In the course of my long-running participation in the human race, and my increasingly urgent strivings to figure-out where I’m likely to be placed in this enthralling event when old age and death finally force me to drop out of it, I’ve become increasingly confused about its rules.
At the start it seemed to be childishly simple. Obey the so-called commandments of some alleged heavenly father and earthly representatives like priests, parents and teachers, and you’re a guaranteed winner in either this life or the next, if not both.
But then adolescence kicked-in, activating not just a tendency to rebel against the system, but a growing awareness that adults seemed to be running the human race according to not just a single set of rules, but countlessly competing and conflicting ones.
Some clearly and sincerely intended to render the race as fair as humanly possible, and thus genuinely ethical; but others designed to rig the contest in favour of themselves and their running-mates, and thus downright unethical, or, if you like, deathical to the rest of us also-rans.
In other words, there is an ethical/deathical divide in the human race that explains but by no means excuses the dismal fact that, as Aristotle wrote 2,500 or so years ago in his Politics, ‘man is the best of all animals when he has reached his full development, so he is the worst of all when divorced from law and justice.’
And, despite the system of ‘virtue’ ethics that Aristotle famously advocated as a solution to this infernal contest between good and evil in the human race, and all the myriad other ethical systems, both ‘sacred’ and secular that have been proposed before and since, the problem is seemingly eternal.
Possibly the oldest and most widely-known ethical principle, and certainly the first secular one I recall hearing about, is the so-called ‘Golden Rule’ to do unto others what we would wish others to do to us.
But, while at first sight this is a perfectly reasonable rule for the fair and successful running of the human race, on further examination it has a fatal flaw lurking in the apparently innocent word ‘others’.
Because as has been horribly evident throughout history, the word ‘others’ has been routinely (mis)interpreted as meaning and including ‘others just like ourselves’, and thus excluding all other others.
As including only other Aryans, to cite an especially evil perversion of the Golden Rule by the Nazis, but excluding non-Aryans and even allegedly non-humans like Jews, Gypsies, homosexuals and other groups thus targeted for torture and killing.
And in a perennial virtually worldwide sense, including ‘others’ of our own race, skin-colour, creed, gender, nationality or some other equally spuriously significant common factor, and excluding other others accordingly.
A further problem with the Golden Rule as an ethic, of course, is that it is so easily subverted by such cynically self-serving deathics, as, for example, ‘he who has the gold makes the rules’, and the corollary intended to form greed into a vicious circle with power, ‘he who makes the rules gets the gold.’
Given all these difficulties with the Golden Rule, I personally, like Confucius (551-479 BC), Thomas Hobbes (1588-1679) and doubtless many other philosophers, vastly prefer the Silver Rule: do not unto others what you would not want them to do to you.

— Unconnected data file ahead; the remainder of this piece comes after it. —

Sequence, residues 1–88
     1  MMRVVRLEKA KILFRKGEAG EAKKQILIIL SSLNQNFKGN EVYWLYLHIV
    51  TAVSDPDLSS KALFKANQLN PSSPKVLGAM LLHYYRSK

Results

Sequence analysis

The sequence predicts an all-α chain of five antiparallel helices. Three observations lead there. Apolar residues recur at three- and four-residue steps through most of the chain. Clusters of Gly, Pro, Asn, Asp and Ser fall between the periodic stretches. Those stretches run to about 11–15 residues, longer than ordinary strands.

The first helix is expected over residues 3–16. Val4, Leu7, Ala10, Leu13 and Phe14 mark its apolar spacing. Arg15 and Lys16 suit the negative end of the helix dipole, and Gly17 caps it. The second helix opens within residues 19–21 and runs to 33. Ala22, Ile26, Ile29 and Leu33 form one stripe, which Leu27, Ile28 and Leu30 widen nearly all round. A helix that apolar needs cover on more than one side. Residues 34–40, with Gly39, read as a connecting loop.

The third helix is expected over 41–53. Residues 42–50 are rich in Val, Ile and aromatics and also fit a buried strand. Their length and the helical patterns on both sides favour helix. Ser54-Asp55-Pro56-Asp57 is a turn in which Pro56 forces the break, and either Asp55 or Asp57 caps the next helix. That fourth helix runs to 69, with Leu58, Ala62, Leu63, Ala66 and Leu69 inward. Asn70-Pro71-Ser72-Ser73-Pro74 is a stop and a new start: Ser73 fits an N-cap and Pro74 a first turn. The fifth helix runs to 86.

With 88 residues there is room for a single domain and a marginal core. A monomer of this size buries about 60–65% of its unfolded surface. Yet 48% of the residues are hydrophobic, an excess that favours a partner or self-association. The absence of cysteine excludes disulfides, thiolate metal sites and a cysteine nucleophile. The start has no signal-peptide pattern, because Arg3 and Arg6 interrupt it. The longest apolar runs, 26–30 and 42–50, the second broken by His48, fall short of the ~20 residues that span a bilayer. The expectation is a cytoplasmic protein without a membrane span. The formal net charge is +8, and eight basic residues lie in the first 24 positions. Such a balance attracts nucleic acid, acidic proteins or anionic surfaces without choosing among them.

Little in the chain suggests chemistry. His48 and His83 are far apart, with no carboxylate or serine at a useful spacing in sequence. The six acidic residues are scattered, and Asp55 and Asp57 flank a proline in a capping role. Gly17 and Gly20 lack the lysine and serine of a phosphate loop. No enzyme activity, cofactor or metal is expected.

While superficially this seems just a negative version of the Golden Rule, the crucial difference that becomes clear on further examination is that, while what we want for ourselves and others tends to be impossibly vague and various, we’re far more sure what we definitely don’t want and thus should not inflict on others, or, for that matter, on other others.
In other words, the Silver Rule in both theory and practice sets us free to aspire and strive toward the most golden of our aspirations by equally denying us the right to kill, rob, abuse, persecute, impoverish or otherwise disadvantage each other in ways that anybody in his or her right mind would possibly want.
And, thank goodness it’s largely the Silver Rule that forms the basis for our systems of ‘religious’ and secular law.
Unfortunately, however, laws and the systems of ethics underpinning them have always, as today by Islamic State, Boko Haram and similar rogue organisations, along with criminal ruling regimes in countless countries ranging from Russia and Syria to Zaire and Zimbabwe, not to mention Malaysia, been supplanted by the deathic variously known as the Law of the Jungle or the Iron Rule that ‘might is right’.
And under this deadly deathic it is possible to discern a good many subsidiary ones that might be called, for example, the Steel/Steal Rule that apparently grants the potentates, or in the case of Malaysia, the Umnoputras, the power to rob the people with impunity; the Copper Rule that decrees that the regime owns the police; and the Rubber Rule designed to render the constitution and laws of the country sufficiently flexible as to always protect the regime and its cronies and to punish its critics and opponents.
But thankfully there are finally some signs that Umno/BN’s Steel Law is getting rusty, its Copper Law terribly tarnished, and its Rubber Law perished beyond repair. And that there are so many good, honest, courageous and truly ethical Malaysians who are hell-bent on finally destroying this deathical regime that it’s finally and deservedly doomed.